FRANCA: Before I use a board member’s time, I assess whether this is the best use of the talent they have to offer. Often I would rather they make five phone calls to potential donors or send five letters of introduction to potential new friends, rather than spend the same amount of time sitting through another committee meeting. I only get so much of someone’s time. I want to make sure it is used to advance our mission.
Your strategic plan should be obvious and within reach. You don’t want to get caught up in overly lofty goals that aren’t going to translate to practical plans.
A good place to start any planning process is simply to have informal chats with a few of the key directors and staff members. Let them know that you are developing a strategic plan, and provide them with some broad strokes of your own thinking. This will give you an opportunity to gauge initial reactions to your ideas.
Ask if there is anything you should be thinking about in particular, any big concerns that people have regarding the next three to five years. These informal chats will provide you with insight into their ideas about the direction of the organization, give you a number of solid ideas, and clarify who will be supportive and who will need to be brought along.
It is a good idea at this stage to avoid formal strategic planning meetings so as not to commit to including anything specific in the plan before you have had a chance to think thoroughly and holistically about it. All you need at this point in the process is some input.
Once you complete this initial phase, you should get down to writing the first draft of the plan and identify the three or four key goals in broad terms. You want to go back to the key decision-makers and show them this draft. Then you can start dealing with any fundamental disagreements.
Remember that keeping the board informed is your responsibility. You do not want to surprise them with any major change of direction or new program. You want to test ideas with board members and have an opportunity to discuss your ideas one-on-one with both your directors and your key staff members.
Boards don’t like surprises, but many a CEO has been bewildered when she has triumphantly tabled a fully formed plan only to have a number of board members rebel. Eventually the plan may be adopted with few changes, but surprised and disgruntled board members can delay approval and cause more work. “No surprises” is a good thing to keep in mind.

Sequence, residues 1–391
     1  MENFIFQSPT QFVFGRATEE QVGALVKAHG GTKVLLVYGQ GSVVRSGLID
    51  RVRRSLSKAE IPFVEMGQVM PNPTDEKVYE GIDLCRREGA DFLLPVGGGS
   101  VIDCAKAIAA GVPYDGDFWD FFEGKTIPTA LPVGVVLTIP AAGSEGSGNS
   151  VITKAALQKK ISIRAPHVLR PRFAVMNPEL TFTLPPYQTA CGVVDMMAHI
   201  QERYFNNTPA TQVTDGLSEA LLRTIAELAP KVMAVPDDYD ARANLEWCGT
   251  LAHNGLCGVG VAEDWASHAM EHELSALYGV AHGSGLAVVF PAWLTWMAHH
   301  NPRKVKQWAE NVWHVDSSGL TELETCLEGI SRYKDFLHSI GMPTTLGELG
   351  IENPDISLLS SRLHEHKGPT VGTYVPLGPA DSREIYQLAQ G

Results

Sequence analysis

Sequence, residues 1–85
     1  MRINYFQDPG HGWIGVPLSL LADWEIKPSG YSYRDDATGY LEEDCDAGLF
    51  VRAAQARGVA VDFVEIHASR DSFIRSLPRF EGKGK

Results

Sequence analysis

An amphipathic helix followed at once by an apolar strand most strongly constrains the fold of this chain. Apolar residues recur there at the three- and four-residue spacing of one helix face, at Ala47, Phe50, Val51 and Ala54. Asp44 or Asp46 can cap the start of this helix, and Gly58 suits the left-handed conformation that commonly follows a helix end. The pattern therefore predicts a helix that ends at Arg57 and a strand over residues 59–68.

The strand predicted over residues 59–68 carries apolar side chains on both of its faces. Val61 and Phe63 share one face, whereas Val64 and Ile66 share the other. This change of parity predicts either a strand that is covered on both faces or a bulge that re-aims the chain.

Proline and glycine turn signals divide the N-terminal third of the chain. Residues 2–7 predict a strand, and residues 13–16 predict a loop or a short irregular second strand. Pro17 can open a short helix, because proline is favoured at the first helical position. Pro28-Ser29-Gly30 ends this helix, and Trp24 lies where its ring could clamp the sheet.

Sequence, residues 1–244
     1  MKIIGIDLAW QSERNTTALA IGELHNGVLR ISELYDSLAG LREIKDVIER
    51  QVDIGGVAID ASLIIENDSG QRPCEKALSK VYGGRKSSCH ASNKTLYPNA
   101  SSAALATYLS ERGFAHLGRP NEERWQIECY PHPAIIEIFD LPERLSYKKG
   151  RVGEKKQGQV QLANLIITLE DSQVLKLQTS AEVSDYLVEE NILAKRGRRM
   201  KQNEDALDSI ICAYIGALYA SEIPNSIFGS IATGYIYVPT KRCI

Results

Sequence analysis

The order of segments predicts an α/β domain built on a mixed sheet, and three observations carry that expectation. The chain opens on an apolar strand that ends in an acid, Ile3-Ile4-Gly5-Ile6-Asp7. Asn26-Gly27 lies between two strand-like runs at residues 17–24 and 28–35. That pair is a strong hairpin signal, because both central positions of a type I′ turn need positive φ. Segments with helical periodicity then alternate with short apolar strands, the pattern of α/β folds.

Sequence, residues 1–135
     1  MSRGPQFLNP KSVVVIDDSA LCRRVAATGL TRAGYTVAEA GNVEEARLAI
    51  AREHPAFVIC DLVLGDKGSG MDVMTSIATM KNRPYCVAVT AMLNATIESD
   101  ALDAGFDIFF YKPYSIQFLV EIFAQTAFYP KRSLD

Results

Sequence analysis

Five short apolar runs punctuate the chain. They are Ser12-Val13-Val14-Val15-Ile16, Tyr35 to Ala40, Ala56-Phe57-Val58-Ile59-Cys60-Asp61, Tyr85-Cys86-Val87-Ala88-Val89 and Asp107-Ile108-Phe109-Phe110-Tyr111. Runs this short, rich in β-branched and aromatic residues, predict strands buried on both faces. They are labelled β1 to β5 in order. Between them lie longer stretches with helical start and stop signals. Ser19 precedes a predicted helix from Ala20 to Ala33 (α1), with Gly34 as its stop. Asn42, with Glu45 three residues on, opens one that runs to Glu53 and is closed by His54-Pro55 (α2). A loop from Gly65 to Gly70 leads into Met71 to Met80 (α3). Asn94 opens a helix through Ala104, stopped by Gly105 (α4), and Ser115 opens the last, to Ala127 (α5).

By the time you take the draft plan to the board, it should be quite familiar to people around the table. Make sure that the plan is discussed as part of a regular meeting of the board. Don’t fetishize strategy by making it the subject of a retreat or a special meeting; discussing a strategic plan should simply be considered regular board business. You should plan to have a good discussion on these initial broad strokes, and you should expect to make some revisions based on the group discussion. At the next board meeting, the strategic plan should be brought back for final approval, alongside the business plan.
Part B. The business plan
Once you have a first draft of the strategic plan, you will want to develop the business plan that identifies the tactics on how you will accomplish the goals outlined. Essentially, you will need to take the strategic plan, break it down, and then build it back up. For this you need to involve your staff and, together, identify the specific tasks, the timing, and the resources needed, as well the feedback loops that will measure how you are doing. If the strategic plan is about what you are going to do (for example, diversify and increase revenue), the business plan is about how you are going to do it (for example, launch a major gift campaign that will add 20% to the revenue).
There are various ways you can go about meeting the target, but the most likely road to success is one rooted in the strengths and opportunities of your organization. As a result, you will set the course by identifying what you will and will not do: for example, launching an annual major gift fundraising campaign instead of running an event; or running a grassroots direct-mail campaign versus a large-scope endowment drive; building an entrepreneurial venture rather than a capital campaign. All of these might be viable options, but determining which to choose is dependent on the organization’s mission, resources available, and other factors.
The business plan is the place to look to determine if an organization is committed to achieving its strategic objectives. If, for example, a strategic goal is to increase public awareness of an issue or problem, you’d want to see that staff and resources are allocated to communications. If the goal is to engage volunteers in mentoring youth or artists, then there should be a well-supported plan for the recruitment, training, scheduling, and monitoring of the mentors. You want to test if the funds are appropriately allocated. If something doesn’t appear in the budget, it means it isn’t important to the organization.